The pros and cons of owning a Jeep Wrangler
The MotorTrend Garage is constantly filled with drool-worthy long- and short-termers, but nevertheless our plucky 2019 Jeep Wrangler Unlimited Rubicon remains one of our more popular fleet regulars. We typically aim to crest 20,000 hard miles by the time our yearlong loans run up, but our Wrangler is within spitting distance of that number with five months left until it departs. Given how much time we’ve spent in our Jeep, here’s a list of things I like and don’t like about our Wrangler that I haven’t covered in previous updates.
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Looking at it: Design is often what draws a buyer into a showroom, and in that department, the Wrangler is far and away one of the best-looking vehicles on the road (or off it). Even seven months in I still find myself looking back over my shoulder at our firetruck red Jeep after I park it. Its iconic lines are like a greatest hits of Jeep design: Its notched seven-slot grille recalls the CJ, its lighting elements the TJ Wrangler, and its flat fenders and body lines the original military Willys MB and Ford GPW. As a huge fan of simple and functional design, I don’t think I’ll ever get tired of looking at our Wrangler.
Great interior: Just like the exterior team, Jeep’s interior design team hit it out of the park, too. Our Wrangler’s interior effectively blends old Jeep styling cues—such as its upright dash and exposed rollbars—with modern conveniences and comforts, such as an 8.4-inch Uconnect infotainment system, power windows, and automatic air conditioning. Furthermore, despite the abuse we’ve put our Wrangler through so far, its cabin is holding up well. The leather seats show no obvious signs of wear and tear, the switchgear all works perfectly, and the removable hard-top panels have remained leak- and draft-free, even in pouring rain and snow.
How approachably capable it is: This is a bit of a no-brainer, but it’s truly shocking how capable our Wrangler is—and while many off-roaders are moving to various electronic off-road modes, the Wrangler proves you don’t really need them. Simply engage four-wheel drive with a simple lever, and this Jeep will go just about anywhere. Need more traction? Four low ought to solve your trouble. And if it doesn’t, idiot-proof front and rear differential locks and the Rubicon’s front anti-roll bar disconnect—which improves articulation and ride quality off-road—will almost certainly do the trick.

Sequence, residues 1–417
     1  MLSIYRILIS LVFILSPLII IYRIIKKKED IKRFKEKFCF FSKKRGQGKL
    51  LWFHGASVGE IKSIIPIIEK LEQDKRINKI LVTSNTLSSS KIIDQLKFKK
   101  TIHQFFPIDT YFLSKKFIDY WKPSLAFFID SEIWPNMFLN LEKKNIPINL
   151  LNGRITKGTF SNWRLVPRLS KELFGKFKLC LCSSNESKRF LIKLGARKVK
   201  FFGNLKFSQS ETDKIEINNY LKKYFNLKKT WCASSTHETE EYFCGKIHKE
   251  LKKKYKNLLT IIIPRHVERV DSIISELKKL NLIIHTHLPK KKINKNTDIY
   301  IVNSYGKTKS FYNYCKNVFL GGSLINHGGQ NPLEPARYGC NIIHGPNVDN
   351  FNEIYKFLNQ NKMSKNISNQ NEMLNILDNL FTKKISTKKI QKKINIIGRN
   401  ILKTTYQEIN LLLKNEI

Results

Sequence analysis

We Don’t Like
Wildly fluctuating fuel economy: We covered this in our last update, so I’ll be brief. Our Wrangler’s real-world fuel economy varies wildly based on outside conditions. Due to the Wrangler’s un-aerodynamic shape, highway fuel economy has varied widely, from a self-reported 14 mpg average over a tank of fuel on a windy day to about 23 mpg with a tailwind. Although mileage obviously varies, the Jeep’s fluctuating fuel economy can make route planning around fuel for long road trips and adventures a bit of a pain. We’ll dive further into the Wrangler’s observed fuel economy come verdict time.
On-center steering feel: The more I drive our Wrangler, the less enamored I am of its on-center steering feel. With a solid front axle, a slow steering rack, and big, heavy 33-inch off-road tires, the Wrangler has a tendency to subtly wander back and forth in its lane at highway speeds. It makes long highway drives far more draining than they should be, especially if, like me, you’re nursing a wrist injury.
Our Wrangler was recalled in September to get a new steering damper installed—designed to combat the highway bump “death wobble” that some customers of 2018 model year JL Wranglers complained of (and an issue our Jeep never experienced)—but the lack of on-center feel nevertheless persists.
Its rear hatch: I’m nitpicking, but I’d love to see Jeep rethink the means of access to the Wrangler’s cargo area. Like it has been since at least as far back as the Jeep CJ-7, our Wrangler’s cargo area is accessed by pulling the lower door and swinging it out toward the passenger side and then by lifting up the hard top’s rear glass. (The process is made more difficult on soft-top Wranglers, as the whole fabric panel needs to be popped off and back on again.) The reasons the rear hatch is designed this way are pretty obvious—it allows Jeep to mount a full-size spare on the door, and it makes it easier to offer both a hard and soft top—but it makes loading groceries, suitcases, and other odds and ends a hassle.
That being said, I’m also not sure I have a better solution. A one-piece rear hatch is off the table as long as the Wrangler continues to offer a soft top, and moving the spare tire would be difficult because, unlike the Gladiator, it wouldn’t fit underneath the Wrangler or Wrangler Unlimited, and it’d barely fit in the cargo area. Similarly, a pickup-style swing-down tailgate would be nice, but it’d still likely add an additional step of moving the spare tire to gain access to the cargo area. It seems like Jeep’s current solution is the lesser of all evils, even if it does pose a minor inconvenience.
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